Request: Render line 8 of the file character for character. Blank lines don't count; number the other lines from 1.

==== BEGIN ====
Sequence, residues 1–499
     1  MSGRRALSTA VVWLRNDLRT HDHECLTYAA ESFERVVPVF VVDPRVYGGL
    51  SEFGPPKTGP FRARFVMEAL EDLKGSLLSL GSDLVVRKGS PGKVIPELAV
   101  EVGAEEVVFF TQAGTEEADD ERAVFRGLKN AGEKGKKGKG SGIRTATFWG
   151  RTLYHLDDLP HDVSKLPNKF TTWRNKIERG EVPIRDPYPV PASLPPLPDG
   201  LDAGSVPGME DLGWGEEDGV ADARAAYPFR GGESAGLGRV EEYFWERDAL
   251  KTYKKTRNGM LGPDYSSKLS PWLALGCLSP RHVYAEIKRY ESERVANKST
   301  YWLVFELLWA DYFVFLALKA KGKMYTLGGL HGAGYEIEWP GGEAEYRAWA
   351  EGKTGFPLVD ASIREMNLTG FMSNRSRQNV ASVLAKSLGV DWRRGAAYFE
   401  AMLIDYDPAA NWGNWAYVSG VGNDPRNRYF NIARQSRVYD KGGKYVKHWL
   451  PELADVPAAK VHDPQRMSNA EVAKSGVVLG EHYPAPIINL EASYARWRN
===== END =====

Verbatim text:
   301  YWLVFELLWA DYFVFLALKA KGKMYTLGGL HGAGYEIEWP GGEAEYRAWA